The cover of Hayes Carll’s sixth release (see below) pretty much says it all. The stark black-and-white format doesn’t do its subject any favors—and neither, quite frankly, does the foreboding desert-highway setting. It’s a classic take-it-or-leave-it moment, with the Grammy-nominated Texas singer/songwriter looking oddly nonplussed, like he’s just stumbled out of the tour bus after a long night on the road.
“We spent a couple of hours outside Santa Fe, walking around and trying to find beautiful backdrops,” says Carll of the shoot with photographer David McClister. “We took photos where I looked happier, but I’m not sure we had any other image that emotionally fit the record better. I just hope I don’t look bad.”
After a rough divorce, a recent engagement to fellow singer/songwriter Allison Moorer (Steve Earle’s ex) and a career that’s had its share of twists and turns, Carll—at 43—may finally be in take-it-or-leave-it mode. That’s the basic sentiment behind What It Is (Dualtone), its title track available here for download. “What it is is right here in front of me, and I’m not letting go,” he sings on the chorus, his sober resignation goosed by the tune’s propulsive shuffle. It’s as much a declaration of renewal as a coming to terms with reality.
“It’s not over-the-top joyful, and it’s not under-the-ground depressing,” says Call. “It’s the point of my life I’m at.”
Carll is an acquired taste. His melodic sensibilities and one-dimensional singing—while loaded with warmth and character—won’t bowl you over. But his honest, dry-witted infatuation with everyday revelations sneaks up on you. The guy has a way of making hay out of life’s bittersweet ironies, and it certainly helps if you have more than a passing familiarity with the Texas troubadour lineage for which he owes a debt of gratitude—names like Guy Clark, Townes Van Zandt, John Prine and Jerry Jeff Walker.
“I was waiting tables in Galveston, and one night I was walking down this alleyway and heard music coming out this place,” says Carll, who started his career in the late 1990s playing covers in bars along Texas’ northern Gulf Coast. “It was a place where people actually wanted to listen to the music—not just get hammered and hear ‘Magaritaville.’”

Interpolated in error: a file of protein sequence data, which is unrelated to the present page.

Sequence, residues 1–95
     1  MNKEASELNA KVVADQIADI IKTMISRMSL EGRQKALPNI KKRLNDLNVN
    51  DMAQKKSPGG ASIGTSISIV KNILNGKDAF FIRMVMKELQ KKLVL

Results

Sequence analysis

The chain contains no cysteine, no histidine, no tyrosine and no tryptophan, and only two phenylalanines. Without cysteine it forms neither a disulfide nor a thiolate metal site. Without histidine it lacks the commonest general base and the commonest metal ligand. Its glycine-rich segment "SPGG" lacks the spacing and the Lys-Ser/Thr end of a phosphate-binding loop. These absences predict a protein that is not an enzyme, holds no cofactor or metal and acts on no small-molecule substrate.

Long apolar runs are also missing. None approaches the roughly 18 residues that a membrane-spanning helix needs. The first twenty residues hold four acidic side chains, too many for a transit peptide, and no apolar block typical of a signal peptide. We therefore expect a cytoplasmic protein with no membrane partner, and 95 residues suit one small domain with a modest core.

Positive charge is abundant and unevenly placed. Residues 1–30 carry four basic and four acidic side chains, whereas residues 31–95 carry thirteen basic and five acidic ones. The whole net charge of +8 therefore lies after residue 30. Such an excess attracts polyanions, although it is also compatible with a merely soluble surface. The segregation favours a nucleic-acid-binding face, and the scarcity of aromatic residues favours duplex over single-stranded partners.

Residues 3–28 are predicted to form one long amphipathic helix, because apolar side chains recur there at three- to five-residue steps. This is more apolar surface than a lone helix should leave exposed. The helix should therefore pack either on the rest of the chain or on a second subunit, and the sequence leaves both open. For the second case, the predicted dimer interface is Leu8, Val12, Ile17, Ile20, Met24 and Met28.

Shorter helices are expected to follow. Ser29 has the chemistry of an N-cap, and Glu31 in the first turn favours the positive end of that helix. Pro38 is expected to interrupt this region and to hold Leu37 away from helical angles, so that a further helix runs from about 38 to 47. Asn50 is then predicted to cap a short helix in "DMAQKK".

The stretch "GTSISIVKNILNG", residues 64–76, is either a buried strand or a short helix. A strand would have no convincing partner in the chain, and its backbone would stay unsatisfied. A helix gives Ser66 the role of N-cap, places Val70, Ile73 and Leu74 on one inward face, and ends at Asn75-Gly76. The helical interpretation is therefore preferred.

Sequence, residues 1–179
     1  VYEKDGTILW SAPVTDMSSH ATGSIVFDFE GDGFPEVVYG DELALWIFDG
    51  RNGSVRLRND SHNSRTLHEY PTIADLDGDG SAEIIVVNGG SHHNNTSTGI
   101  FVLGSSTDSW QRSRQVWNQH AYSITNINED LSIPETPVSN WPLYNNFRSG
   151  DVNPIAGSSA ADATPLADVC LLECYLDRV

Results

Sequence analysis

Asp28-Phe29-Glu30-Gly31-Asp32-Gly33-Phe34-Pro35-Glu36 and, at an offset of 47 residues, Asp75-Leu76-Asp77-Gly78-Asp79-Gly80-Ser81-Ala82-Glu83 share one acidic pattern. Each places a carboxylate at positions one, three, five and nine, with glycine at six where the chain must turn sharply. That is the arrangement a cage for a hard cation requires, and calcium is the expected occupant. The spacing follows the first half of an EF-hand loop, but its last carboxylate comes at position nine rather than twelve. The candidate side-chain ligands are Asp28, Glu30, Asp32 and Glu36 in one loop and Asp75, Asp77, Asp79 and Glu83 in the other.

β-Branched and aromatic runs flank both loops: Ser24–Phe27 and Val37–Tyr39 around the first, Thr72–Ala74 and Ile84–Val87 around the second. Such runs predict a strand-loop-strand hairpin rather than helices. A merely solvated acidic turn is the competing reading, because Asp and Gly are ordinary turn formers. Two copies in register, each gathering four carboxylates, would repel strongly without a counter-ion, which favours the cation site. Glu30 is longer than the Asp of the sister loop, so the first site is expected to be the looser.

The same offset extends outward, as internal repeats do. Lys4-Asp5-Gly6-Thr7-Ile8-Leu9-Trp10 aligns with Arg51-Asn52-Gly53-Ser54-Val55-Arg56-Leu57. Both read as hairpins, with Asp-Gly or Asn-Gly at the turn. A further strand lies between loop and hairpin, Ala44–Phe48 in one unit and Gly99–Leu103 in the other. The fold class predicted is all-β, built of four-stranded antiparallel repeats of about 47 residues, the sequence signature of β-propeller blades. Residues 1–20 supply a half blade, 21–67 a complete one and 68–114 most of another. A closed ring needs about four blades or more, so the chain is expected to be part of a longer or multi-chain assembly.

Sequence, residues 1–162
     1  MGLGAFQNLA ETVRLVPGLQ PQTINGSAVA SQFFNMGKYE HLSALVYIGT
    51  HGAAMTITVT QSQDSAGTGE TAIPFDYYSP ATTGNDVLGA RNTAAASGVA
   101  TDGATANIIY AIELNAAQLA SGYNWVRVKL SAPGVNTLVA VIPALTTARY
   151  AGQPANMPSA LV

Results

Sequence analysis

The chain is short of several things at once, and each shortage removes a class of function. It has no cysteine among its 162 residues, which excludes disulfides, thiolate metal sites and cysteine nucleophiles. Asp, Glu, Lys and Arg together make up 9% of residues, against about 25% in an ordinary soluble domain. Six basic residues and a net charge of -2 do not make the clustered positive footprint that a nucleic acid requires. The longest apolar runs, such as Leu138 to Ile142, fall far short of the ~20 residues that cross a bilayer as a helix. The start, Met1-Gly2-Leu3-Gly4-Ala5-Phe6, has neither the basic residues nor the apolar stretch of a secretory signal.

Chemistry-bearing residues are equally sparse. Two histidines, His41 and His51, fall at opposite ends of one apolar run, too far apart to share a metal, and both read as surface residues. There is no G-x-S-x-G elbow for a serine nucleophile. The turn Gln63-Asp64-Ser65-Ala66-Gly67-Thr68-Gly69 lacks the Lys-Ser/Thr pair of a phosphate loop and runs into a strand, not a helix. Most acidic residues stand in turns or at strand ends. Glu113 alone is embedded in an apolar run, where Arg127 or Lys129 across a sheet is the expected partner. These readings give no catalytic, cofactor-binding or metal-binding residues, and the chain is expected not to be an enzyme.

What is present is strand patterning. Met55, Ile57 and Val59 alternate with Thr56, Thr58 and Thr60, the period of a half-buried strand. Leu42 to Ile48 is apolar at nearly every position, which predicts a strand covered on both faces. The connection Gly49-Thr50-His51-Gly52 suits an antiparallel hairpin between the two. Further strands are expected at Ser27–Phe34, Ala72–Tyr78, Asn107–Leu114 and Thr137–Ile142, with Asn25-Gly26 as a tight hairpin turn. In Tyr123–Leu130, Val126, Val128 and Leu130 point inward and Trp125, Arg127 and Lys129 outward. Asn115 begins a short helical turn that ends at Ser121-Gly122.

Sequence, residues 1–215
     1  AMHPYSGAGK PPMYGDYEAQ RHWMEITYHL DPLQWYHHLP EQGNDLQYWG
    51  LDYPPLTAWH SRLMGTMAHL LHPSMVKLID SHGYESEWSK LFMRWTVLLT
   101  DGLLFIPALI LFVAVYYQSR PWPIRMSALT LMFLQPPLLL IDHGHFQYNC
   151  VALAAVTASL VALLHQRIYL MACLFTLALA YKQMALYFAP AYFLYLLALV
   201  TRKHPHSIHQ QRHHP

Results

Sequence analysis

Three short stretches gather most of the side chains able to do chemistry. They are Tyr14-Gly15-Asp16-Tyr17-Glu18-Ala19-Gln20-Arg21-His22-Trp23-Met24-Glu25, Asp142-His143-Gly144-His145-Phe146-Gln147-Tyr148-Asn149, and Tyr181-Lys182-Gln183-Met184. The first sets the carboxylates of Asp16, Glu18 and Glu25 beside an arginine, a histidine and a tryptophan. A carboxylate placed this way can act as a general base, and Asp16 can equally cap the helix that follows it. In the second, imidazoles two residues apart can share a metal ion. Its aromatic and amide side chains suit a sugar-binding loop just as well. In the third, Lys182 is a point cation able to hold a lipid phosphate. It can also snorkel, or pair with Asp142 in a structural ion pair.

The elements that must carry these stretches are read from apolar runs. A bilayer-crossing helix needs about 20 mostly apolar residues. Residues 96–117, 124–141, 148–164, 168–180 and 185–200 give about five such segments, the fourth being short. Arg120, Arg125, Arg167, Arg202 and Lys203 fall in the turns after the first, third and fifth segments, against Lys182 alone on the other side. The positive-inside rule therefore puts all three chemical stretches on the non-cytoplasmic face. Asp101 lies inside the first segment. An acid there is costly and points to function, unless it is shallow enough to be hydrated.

That spot was the Old Quarter Acoustic Cafe, the Galveston version of the legendary Houston listening room that nurtured Van Zandt, Earle and Lucinda Williams in the ’70s. “I totally soaked it in, doing open-mic nights and tending bar.”
More than 20 years later, Carl has assembled a loyal enough fan base to sustain a career—and without having to pander to any sort of predetermined Lone Star aesthetic. “There’s a lot of guys who get into this trap where they’re huge in Texas,” says Carll. “They have tour buses and play for thousands of people and make a whole lot of money, but that doesn’t necessarily translate once you cross the border. I never had that issue because I was never really successful like that in Texas, so it put me in the position of at least being able to see the world before going broke.”
Focused, confident and slightly eccentric, What It Is sounds like it’s coming from a guy who’s definitely been around. “There are two themes throughout the record—part of it’s about me, and part of it’s about the world around me,” Carll says of the album, which was coproduced by Moorer and Brad Jones (Matthew Sweet, Josh Rouse). “When I was younger and knew less, there was a false confidence. The more I dig in and try to connect with the world around me, the more I realize I don’t know. But I feel like I’m in a good place and heading down the right path.”